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Theory of Spin WavesTable of Contents:
In this chapter, we study the properties of the spin waves excited in a system of interacting spins. We suppose that the spins are localized on the lattice sites. The exchange interaction between spins makes them rotate about the quantization axis in a collective manner: These collective excitations are called "spin waves” or "magnons” when quantized. Such collective excitations or elementary excitations are common phenomena observed in systems of interacting particles or quasiparticles in condensed matter. One can mention phonons (waves of atomic motions around the atoms’ equilibrium positions in a system of interacting atoms) and plasmons (waves of the charge density). Note that there is no spin wave in systems of Ising spins because Ising spins cannot be deviated from their axis to create a wave. Spin waves propagate in systems with a translation invariance. In systems with a broken translation, spin waves can be localized or damped such as in the presence of an impurity or a surface. Spin waves cannot be excited in disordered systems due to their wave nature since a propagating wave should have a constant amplitude and a constant phase shift in space. The same is observed with a system of interacting atoms: Phonons can be excited only at low temperatures when the system has a crystalline structure. Physics of Magnetic Thin Films: Theory and Simulation Hung T. Diep Copyright © 2021 Jenny Stanford Publishing Pte. Ltd. ISBN 9789814877428 (Hardcover), 9781003121107 (eBook) www.jennystanford.com At low temperatures, spin waves yield the main thermal behavior of a system of ordered spins such as in a ferromagnet, as seen below. This chapter presents the spin wave theory as applied to ferromagnets, antiferromagnets and, to a lesser extent, ferrimagnets. It gives a necessary background for understanding the applications in part II of the book. Spin Waves in FerromagnetsClassical TreatmentWe consider a ferromagnet where the spins are parallel, aligned along the Oz axis in the ground state. Each spin is considered as a vector of modulus S with three components. This is the classical Heisenberg spin model. As the temperature increases, the spins rotate around their z axis in a collective manner as shown in Fig. 3.1. The energy provided by the temperature is carried by the excited spin wave. In the following, we calculate the spin wave energy for the classical Heisenberg spin model on a lattice. The spins are supposed to interact with each other via a nearestneighbor exchange interaction J. The interaction of the spin S/ with its nearest neighbors is written as Figure 3.1 Side view and top view of a spin wave. where R is the vector connecting the spin S_{t} with a nearest neighbor. The sum is performed over all nearest neighbors. Equation (3.1) can be rewritten as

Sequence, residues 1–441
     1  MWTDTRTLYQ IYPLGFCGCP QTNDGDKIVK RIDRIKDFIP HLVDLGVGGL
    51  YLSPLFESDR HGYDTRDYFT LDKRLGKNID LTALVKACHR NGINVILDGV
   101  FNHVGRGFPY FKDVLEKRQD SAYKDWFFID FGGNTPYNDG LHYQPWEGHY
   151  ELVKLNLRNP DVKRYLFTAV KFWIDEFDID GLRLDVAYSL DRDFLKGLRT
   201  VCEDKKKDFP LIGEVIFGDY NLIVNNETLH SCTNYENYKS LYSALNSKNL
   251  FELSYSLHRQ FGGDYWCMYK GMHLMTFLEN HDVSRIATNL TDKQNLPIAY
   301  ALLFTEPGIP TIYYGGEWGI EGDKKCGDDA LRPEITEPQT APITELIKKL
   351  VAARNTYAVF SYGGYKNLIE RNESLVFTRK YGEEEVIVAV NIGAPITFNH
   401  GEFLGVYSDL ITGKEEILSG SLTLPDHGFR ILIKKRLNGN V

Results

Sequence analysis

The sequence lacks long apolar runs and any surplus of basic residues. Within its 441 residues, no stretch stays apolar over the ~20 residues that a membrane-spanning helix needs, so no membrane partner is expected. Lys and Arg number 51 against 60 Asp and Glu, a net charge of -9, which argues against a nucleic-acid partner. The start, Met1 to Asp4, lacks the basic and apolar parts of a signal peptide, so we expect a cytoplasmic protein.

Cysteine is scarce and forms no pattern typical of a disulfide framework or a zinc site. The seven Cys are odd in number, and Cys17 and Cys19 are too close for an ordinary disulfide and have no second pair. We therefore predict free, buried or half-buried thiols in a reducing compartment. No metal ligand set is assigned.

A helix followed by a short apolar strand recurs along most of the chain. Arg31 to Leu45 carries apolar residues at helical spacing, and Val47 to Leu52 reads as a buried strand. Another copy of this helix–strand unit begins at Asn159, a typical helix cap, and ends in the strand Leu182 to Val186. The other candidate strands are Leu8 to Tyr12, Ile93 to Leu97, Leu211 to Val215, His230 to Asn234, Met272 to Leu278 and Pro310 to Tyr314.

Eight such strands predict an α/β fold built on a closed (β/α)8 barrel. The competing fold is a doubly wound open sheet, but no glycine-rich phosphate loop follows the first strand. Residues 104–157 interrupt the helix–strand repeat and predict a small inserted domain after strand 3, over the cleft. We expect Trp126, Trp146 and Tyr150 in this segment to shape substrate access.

where
and
g and ixв are the Lande factor and Bohr magneton. М/ and H_{ex} are, respectively, the magnetic moment of spin S/ and the field of the nearest neighbors acting on S/. We write the equation of motion of the kinetic moment hSi as follows:
If S/ is parallel to its neighbors then the righthand side of Eq. (3.5) is zero, one has = 0, i.e., S/ is equal to a constant vector, thus there is no spin wave. In an excited state due to the spin rotation around the z axis, one can decompose S/ as shown in Fig. 3.2:
where 8Si represents the deviation and S_{0} the z spin component. For a homogenous system and for a given spin wave mode, it is natural to suppose that S_{0} is space and timeindependent. Equation (3.5) becomes
where 8Si and 8Si_{+r} are supposed to be small so that we neglect their secondorder terms. This hypothesis is justified at low temperatures. Figure 3.2 Decomposition of a spin. We define now the spin components by: S_{0} = Sfk = S_{0}k, (<5S/)^{X} = S* and (SS/)*' = Sf, к being the unit vector on the z axis (see Fig. 3.3). We rewrite Eq. (3.7) as Figure 3.3 Spin components. The last equation indicates that Sf is a constant of motion. One now looks for the solutions of S* and Sf of the form where к and 1 are the wave vector and the position of S/, respectively. Replacing (3.11)(3.12) in (3.8)(3.9), one obtains where Z is the coordination number (number of nearest neighbors). The nontrivial solutions of U and V verify from which one has where Replacing (3.15)(3.16) in the above coupled equations of U and V, one finds V = /(/.This relation indicates that U  = K; therefore the spin rotation has a circular precession around the z axis. The relation (3.15) is called "dispersion relation” of spin waves in ferromagnets. Example: In the case of a chain of spins, one has Figure 3.4 Spin wave dispersion relation of a ferromagnet in one dimension. where a is the lattice constant. Equation (3.15) becomes Figure 3.4 shows hw_{k} versus к in the first Brillouin zone. When ka w_{k} is thus proportional to k^{2} for small к (long wavelength). This behavior is also true for other dimensions. However, for antiferromagnets we will see below that w_{k} oc k. Since macroscopic physical properties are calculated by averaging over the spin wave excitations, we will see the difference between ferromagnets and antiferromagnets. This difference is not observed in the meanfield theory. Remark: Effect of the crystal symmetiy is contained in the factor yu. Here are a few examples: (1) Square lattice: (2) Simple cubic lattice: